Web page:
Diablo Cody’s films are usually full of wit, edginess, and originality. She’s not for everyone, but she did provide a breath of fresh air with her Oscar-winning screenplay, “Juno,” and 2011’s “Young Adult.” She also wrote the screenplay for “Jennifer’s Body,” but that was missed by this reviewer. With “Paradise,” which releases to select theaters on Oct. 18, Cody makes her debut in the director’s chair. And, again, she gives the viewer an original screenplay, but it’s filled with cliches in every single corner. Those are something that Cody is usually good at avoiding or putting a little spin on to make it unique. Unfortunately, it doesn’t happen here.
Lamb (Julianne Hough) publicly renounces her faith in front of everyone – including her parents – in her small Montana town. What’s her reason? Well, she survived a plane crash – which many would call a “miracle” or an “act of God.” But she was also “barbequed in jet fuel,” as she puts it, and left with scars all over her body – for which she has to take painkillers.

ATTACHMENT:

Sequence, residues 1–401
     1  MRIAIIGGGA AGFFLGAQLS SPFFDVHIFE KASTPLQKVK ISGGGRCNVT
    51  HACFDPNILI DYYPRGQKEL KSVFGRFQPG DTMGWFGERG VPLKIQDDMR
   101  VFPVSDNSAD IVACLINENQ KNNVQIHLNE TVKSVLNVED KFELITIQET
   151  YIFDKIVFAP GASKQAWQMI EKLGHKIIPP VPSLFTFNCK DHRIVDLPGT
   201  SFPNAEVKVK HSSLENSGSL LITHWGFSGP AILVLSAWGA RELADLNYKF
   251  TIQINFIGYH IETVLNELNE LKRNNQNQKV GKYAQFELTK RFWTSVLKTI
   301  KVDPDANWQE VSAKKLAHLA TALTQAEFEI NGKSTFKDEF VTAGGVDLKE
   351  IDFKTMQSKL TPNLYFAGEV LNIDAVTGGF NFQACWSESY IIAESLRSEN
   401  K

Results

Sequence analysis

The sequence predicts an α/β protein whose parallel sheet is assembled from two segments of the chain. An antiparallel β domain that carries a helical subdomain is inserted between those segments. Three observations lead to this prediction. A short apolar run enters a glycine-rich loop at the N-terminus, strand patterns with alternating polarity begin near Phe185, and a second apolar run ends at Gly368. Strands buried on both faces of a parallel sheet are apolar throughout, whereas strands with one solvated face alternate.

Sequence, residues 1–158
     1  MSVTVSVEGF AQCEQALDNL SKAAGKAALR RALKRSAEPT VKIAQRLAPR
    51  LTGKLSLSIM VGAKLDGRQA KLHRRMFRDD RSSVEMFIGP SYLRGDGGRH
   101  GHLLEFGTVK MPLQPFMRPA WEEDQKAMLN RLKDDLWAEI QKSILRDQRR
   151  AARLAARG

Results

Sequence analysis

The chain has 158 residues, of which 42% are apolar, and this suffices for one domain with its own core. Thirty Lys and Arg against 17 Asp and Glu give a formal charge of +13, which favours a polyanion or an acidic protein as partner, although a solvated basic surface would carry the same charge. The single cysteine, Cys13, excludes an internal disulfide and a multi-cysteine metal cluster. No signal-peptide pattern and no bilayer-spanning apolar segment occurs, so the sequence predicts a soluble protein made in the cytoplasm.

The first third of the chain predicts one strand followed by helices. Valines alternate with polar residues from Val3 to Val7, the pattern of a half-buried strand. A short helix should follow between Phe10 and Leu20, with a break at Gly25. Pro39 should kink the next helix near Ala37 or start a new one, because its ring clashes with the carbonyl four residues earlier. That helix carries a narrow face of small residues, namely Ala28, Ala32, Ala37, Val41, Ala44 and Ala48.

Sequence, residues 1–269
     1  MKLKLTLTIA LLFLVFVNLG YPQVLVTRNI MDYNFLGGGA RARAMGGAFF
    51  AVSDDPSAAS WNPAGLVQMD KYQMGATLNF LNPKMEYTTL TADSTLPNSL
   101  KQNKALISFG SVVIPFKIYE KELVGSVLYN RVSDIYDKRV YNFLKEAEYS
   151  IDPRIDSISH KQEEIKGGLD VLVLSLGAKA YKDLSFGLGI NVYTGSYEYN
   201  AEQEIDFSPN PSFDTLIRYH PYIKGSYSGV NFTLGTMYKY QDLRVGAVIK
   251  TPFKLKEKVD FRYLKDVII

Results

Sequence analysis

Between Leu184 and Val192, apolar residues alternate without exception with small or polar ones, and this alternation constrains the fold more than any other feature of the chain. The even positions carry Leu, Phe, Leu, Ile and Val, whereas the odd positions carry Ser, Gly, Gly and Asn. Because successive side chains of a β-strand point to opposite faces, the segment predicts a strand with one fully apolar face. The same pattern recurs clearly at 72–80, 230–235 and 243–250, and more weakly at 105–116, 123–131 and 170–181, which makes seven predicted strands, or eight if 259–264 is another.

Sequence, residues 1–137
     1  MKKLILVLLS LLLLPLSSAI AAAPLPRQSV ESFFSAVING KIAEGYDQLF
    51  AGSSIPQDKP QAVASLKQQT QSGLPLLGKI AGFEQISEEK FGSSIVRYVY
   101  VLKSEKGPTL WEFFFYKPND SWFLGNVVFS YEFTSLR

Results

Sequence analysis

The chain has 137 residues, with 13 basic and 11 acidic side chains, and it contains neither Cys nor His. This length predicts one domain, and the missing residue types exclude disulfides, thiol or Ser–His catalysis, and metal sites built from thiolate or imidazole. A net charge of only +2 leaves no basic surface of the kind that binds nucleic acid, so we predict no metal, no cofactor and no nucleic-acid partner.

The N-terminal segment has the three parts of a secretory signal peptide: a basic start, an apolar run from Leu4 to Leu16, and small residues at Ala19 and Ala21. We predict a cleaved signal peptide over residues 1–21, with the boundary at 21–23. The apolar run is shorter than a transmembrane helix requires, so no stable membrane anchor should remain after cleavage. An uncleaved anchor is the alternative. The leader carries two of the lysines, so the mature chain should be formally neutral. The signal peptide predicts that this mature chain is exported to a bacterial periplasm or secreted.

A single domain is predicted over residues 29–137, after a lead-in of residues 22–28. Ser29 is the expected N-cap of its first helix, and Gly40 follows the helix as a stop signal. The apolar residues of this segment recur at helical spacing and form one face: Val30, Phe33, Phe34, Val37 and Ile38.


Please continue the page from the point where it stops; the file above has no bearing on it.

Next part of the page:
And what does the sheltered, conservative girl think is the one place to go to have fun and commit as much sin as possible? Why, Las Vegas, of course. She packs her bags, makes a list of sins, and goes on her way. While there, she meets a bartender (Russell Brand) and a lounge singer (Octavia Spencer) who help her with her quest.
The first few minutes of “Paradise” have that promise of being another great Cody film. But when it comes to commenting on the right wingers, Cody resorts to churchgoers shouting words like “socialist” and other typical and tiring insults about the people on the left. And then to add onto that, Lamb says that she just “might even vote Democrat,” which causes a huge uproar.
Lamb may have been another quirky and unique Cody character, if Hough had any real conviction behind her acting and if she wasn’t given so many go-to oddball quirks for those experiencing the real world for the first time. Brand and Spencer are just OK in their roles, and Nick Offerman and Holly Hunter are practically wasted as Lamb’s parents.
Cody does get in a few good lines of dialogue. One revealing moment has Lamb telling the hipsters in a bar that she’s never been exposed to any kind of pop culture. Their immediate reaction is a confused look followed by “Oh, you are so lucky.” But a lot of the screenplay is filled with so many on-the-nose scenarios, including the main character being a conservative Christian named Lamb and the fact that she doesn’t actually travel to Vegas, but to the suburban area known as Paradise.
Cody does show some potential as a director, but “Paradise” feels like she just quickly wrote it up, so she could try something new in the filmmaking world.